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Fr Ivan Aquilina on the anniversary of the Ordinariate

16 01 2012

Fr Ivan Aquilina writes:

A year ago today, with many of my fellow travellers in the journey of faith, I was sitting in that noble space which is Westminster Cathedral.

As we arrived at Victoria Station we met Deacon Keith Newton. We walked with him to the Cathedral, what a sense of joy and anticipation. The Walsingham Sisters were in front of the Cathedral, a familiar and grounding presence in this complete new setting. This was not Christ the King Gordon Square so familiar for us, this was a new setting but with all the familiar faces, friends, brothers and sisters with whom we daily stood up for the faith in the Church of England. This was a manifestation of Anglicanorum Coetibus coming together. But many felt: was this true?

We sat in a packed CathedralThe three deacons were ordained priests. These were the three anglican bishops we looked up to and supported, truly our leaders.

During the Eucharistic prayer the newly ordained John Broadhurst prayed part of it. His voice going round the Catholic Cathedral is what made the penny drop for me.  This is all real. Till a fortnight before Fr John was my anglican bishop, and what a good one he was too. I was proud of him and felt privileged to be his priest. And now we were out of communion: he a catholic priest me an anglican one. He was there to lead the way, we his priests and people getting ready.

After communion the Archbishop of Westminster read out the Decree of Erection of the Personal Ordinariate in England and Wales. It was to be known as the Ordinariate of Our Lady of Walsingham under the patronage of Blessed John Henry Newman. Fr Keith Newton was to be the Ordinary. That day, a year ago today, was a blessed day, a day of joy and hope and Christian Unity. So many of us are now home as Roman Catholics (not the mental gymnastics of Anglo catholics or English catholics or whatever but real catholics: Roman Catholics, in unity with the See of Peter). Thanks be to God for the Romanitas, and thanks be to God for Benedict XVI: the Pope of Christian Unity.

Today, a year on, with my group of the Ordinariate I give thanks to God and offer Mass for our Ordinary and our Ordinariate and especially in thanksgiving for this past year. I shall pray for the all the three Monsignori, for their dedication and commitment and for Bishop Alan Hopes for all his support and guidance.





Catholic League: Newman Fund raises over £50k for the Ordinariate

6 01 2012

From the Catholic League:

Now that the Ordinariate has its own systems firmly in place for processing donations and collections, the League is no longer accepting new donations towards the Ordinariate through the Blessed John Henry Newman Fund. Existing regular donations remain unaffected for a transitional period. The gifts of those who still wish to donate to the Fund will be applied to the League’s four objects, which may, of course, include support to the Ordinariate.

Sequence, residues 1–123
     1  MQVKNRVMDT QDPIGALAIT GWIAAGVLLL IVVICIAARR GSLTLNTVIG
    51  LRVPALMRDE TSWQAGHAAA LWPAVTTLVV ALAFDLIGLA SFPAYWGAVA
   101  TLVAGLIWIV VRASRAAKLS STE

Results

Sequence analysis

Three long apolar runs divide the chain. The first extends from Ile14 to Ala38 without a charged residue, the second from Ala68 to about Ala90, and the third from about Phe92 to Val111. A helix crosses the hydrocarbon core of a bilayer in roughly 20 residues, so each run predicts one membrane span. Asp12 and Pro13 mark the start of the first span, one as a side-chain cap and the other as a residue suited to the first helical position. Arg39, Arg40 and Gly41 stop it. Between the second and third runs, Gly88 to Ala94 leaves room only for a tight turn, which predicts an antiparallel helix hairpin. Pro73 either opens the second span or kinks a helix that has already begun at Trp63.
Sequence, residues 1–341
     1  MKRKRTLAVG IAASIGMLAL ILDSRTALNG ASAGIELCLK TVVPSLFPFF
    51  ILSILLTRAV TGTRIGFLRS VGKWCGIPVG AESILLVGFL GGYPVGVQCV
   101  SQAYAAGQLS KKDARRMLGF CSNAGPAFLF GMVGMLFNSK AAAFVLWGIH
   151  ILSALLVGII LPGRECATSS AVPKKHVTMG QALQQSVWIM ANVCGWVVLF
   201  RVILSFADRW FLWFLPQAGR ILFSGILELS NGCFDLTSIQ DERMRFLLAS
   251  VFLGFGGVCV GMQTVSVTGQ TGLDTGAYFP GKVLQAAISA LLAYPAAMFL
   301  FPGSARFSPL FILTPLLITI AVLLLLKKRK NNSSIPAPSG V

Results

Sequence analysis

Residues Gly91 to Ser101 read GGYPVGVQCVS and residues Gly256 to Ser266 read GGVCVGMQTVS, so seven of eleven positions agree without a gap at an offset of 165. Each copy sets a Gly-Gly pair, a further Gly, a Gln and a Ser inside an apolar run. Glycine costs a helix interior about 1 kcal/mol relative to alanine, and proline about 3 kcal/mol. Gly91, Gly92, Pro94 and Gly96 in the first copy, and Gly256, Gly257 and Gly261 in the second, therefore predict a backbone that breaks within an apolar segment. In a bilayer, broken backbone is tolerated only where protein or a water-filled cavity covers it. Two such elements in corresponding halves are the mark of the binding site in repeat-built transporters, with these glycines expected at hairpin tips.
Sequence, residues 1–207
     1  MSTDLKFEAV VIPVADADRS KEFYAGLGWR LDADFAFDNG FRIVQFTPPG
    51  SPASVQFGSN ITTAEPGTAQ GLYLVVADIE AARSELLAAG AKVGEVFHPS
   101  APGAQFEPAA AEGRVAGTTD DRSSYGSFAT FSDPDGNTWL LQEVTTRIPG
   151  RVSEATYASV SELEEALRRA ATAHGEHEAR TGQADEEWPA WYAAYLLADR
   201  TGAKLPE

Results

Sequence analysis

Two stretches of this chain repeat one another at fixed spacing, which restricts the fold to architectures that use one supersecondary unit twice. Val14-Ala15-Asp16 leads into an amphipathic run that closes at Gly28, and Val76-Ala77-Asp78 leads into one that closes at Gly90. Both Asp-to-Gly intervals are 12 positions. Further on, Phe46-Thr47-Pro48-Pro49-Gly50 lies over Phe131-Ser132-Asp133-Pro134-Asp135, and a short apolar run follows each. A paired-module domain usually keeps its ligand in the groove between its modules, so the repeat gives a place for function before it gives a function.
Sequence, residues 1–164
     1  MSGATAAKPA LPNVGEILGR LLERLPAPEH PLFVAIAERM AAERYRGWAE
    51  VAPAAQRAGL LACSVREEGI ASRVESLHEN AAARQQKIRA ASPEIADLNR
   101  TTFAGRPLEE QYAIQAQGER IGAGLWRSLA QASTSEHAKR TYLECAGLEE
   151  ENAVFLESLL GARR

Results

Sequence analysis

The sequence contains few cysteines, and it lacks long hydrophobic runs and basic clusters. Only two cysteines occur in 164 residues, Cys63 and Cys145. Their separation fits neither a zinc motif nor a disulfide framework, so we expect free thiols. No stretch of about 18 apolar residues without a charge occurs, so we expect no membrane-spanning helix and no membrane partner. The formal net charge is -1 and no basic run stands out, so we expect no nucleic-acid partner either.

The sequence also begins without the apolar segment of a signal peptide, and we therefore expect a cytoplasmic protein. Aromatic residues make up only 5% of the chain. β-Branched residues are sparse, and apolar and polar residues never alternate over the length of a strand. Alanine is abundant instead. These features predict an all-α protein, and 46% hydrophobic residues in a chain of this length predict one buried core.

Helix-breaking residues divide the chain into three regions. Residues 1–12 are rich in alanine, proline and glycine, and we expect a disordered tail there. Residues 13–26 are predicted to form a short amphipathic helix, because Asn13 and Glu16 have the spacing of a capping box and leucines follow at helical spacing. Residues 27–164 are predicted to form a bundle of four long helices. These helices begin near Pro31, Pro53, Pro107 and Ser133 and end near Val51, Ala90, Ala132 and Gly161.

Since its inception in October 2010, the Catholic League has raised over £50,500 for the Ordinariate, including over £7,500 in Gift Aid that would not otherwise have been recoverable. This is in addition to the League’s own grants of nearly £70,000 to support the work of the Ordinary and the Ordinariate’s central services in the first few years of start-up.





Rocco Palmo on US Ordinariate

1 01 2012

From Whispers in the Loggia:

Twenty-six months since Anglicanorum coetibus laid the groundwork for groups of Anglicans to cross the Tiber while maintaining elements of their liturgical, spiritual, theological and canonical patrimony, the top-shelf papal project has taken a sizable leap this New Year’s morning, with as the establishment of the venture’s Stateside jurisdiction by the Holy See.

In a rare Sunday announcement — a sign of the degree to which Rome means business — the Vatican’s press bulletin gave official word of the erection of the Personal Ordinariate of the Chair of St Peter, encompassing the territory of the United States. The quasi-diocese for the entering groups is the second of its kind, following England’s Ordinariate of Our Lady of Walsingham, which was launched a year ago this month.

Fr Jeffrey Steenson, 59, the former Episcopal bishop of Rio Grande ordained a priest of the archdiocese of Santa Fe in 2009, was named its founding head. A patristics scholar who’s been serving until now as a professor at Houston’s St Mary’s Seminary and University of St Thomas, the appointment is effective immediately.

According to the usual ops, a press conference will be held on Monday to mark the canonical erection of the American Ordinariate at Houston’s Our Lady of Walsingham church (top), which will be the “principal church” — essentially the cathedral — of the new entity.

The nation’s second-oldest Anglican Use community, the Norman-style church was dedicated in 2003, built by its members a decade after their reception into the Catholic fold. Begun with a dozen pilgrims, the parish now numbers more than 300 families.

The designation of a principal church for the US Anglicanorum branch already places the project ahead of its English counterpart. Despite having a year’s head-start, the UK Ordinariate is still awaiting the release of a church to serve as its hub.

Alongside its sacramental seat (interior, above), the Ordinariate’s offices are also to be in Houston, on the Walsingham parish campus.

As ever, much more to come.